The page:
Facebook has become quite the breeding ground for apps aimed at culling friend lists and turning them into something more like romantic hit lists. Now, a free web app called On The Rebound has joined the ranks of Bang With Friends, iWould and their similarly themed counterparts.
Launched earlier this month, the app analyzes available data about the current and previous relationship statuses of your Facebook friends -- going back a total of six years. That information helps to generate a score of that person's rebound potential so users can determine whether it's the right time to make a move. The app also offers short notes of advice on how to proceed.
"We're doing the same thing people do in their everyday lives, we're just making it easier," Anthony Coombs, the app's co-founder, told The Huffington Post.
Coombs said the app takes into account how long your friends have been single, as well as how often they have entered relationships and the average length of those relationships.
An obvious limitation of the app is that it can only analyze data that a user provides by way of his or her relationship status. That means there's little information it can glean about your crush who has had a significant other for three years but hasn't declared it formally on Facebook.
Still, Coombs maintained that there are plenty of people out there still posting their relationship statuses, especially among younger sets.
"People 24 and younger post their relationship statuses way more," said Coombs. "Let's be honest, if you're 32 or 33 and you are in a relationship, chances are you may not post it. Or if you are in one, chances are you're not going to broadcast to the world that you broke up."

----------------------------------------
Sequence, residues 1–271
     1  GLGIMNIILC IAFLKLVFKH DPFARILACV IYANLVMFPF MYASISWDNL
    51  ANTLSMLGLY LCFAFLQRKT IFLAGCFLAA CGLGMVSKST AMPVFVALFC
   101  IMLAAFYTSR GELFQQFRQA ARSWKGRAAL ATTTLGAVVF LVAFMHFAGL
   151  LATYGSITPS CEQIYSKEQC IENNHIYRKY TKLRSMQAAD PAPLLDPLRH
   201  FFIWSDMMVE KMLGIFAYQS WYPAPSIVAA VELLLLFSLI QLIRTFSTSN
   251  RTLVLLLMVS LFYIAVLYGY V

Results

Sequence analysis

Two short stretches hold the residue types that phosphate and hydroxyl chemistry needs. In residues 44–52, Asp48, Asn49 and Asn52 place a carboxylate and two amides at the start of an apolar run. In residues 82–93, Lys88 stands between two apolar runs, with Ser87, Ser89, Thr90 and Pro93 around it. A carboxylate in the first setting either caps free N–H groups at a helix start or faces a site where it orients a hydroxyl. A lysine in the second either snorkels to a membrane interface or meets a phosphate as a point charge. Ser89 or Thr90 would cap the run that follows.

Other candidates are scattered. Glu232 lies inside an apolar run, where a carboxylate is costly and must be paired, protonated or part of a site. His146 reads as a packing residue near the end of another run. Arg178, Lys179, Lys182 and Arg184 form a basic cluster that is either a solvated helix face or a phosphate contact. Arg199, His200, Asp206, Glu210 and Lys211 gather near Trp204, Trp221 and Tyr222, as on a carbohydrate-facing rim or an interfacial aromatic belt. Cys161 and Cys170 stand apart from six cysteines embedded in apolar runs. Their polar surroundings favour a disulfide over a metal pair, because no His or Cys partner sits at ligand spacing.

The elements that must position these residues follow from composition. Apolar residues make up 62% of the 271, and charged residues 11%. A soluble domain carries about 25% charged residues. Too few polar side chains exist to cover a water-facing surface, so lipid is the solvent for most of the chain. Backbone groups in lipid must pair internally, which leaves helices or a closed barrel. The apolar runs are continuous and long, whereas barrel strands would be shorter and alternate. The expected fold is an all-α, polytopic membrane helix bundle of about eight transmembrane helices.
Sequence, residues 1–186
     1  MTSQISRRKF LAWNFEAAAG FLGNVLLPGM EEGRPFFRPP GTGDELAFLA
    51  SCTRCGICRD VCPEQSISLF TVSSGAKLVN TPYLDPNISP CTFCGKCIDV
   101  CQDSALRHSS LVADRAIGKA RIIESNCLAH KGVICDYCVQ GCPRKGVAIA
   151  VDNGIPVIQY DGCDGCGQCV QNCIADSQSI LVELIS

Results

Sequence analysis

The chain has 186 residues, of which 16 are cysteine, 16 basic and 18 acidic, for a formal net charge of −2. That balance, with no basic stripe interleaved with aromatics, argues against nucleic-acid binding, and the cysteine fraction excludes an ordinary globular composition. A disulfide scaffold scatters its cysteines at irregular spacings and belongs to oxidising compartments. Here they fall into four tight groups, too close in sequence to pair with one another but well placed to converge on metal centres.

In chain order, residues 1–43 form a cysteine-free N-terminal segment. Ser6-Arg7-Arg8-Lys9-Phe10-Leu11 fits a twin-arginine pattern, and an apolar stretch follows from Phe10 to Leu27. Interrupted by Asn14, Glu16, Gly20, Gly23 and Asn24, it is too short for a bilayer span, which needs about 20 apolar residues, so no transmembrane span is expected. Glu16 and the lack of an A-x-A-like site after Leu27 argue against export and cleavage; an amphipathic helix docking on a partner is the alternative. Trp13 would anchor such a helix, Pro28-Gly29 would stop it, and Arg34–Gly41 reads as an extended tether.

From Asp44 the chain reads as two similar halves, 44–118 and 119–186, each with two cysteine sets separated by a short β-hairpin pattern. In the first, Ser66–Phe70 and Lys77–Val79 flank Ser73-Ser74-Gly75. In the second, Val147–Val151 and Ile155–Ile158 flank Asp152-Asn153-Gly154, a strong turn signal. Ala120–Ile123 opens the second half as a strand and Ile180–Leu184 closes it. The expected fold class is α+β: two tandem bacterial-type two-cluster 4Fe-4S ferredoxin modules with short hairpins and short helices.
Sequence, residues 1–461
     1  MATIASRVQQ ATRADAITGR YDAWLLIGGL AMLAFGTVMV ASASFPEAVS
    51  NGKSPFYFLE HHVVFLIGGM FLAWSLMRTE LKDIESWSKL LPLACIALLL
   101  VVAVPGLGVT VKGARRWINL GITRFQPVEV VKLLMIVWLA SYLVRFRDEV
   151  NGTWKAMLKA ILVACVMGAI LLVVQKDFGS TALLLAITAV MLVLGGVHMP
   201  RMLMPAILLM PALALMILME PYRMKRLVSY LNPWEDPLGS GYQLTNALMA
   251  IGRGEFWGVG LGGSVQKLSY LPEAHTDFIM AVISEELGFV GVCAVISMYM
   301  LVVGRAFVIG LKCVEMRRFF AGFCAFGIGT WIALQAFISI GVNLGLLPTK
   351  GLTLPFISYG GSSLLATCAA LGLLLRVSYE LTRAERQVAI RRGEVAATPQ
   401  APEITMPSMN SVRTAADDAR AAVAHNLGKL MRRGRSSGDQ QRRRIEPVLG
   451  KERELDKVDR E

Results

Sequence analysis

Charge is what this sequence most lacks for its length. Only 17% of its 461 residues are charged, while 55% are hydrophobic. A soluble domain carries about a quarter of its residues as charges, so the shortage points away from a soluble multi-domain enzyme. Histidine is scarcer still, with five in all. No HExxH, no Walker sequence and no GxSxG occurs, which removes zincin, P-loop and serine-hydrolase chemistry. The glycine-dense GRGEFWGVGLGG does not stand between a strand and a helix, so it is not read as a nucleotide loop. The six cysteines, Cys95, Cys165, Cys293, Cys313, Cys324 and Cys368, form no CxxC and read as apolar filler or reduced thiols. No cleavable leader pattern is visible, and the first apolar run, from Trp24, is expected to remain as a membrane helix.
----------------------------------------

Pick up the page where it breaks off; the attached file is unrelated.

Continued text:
Coombs noted that the app is meant more as a "utility" for users to gain insights about the friends they might be interested in, as opposed to an overt hookup app. But it's up for debate just how much stock one should put into the words of advice that accompany the scores generated for each person.
BuzzFeed pointed out that the advice for the men seems firmly geared towards those with a clear pickup-artist mentality.
"It's been a little while for her, go for it," the app instructs its male users regarding a female user who has been single for four months.
Female users, on the the other hand, might see the a warning of sorts about an eligible bachelor: "Trust me, he's using you. Use him back!"
In response to some of the criticisms about the underlying gender stereotypes evident in some of the messages, Coombs said that much of the advice is directed at both genders.
"The comments are equaliy outrageous, controversial and derogatory towards both men and women," Coombs said. "For example, one says, 'Loneliness plus desperation equals opportunity,' and there was one for men, and one for women."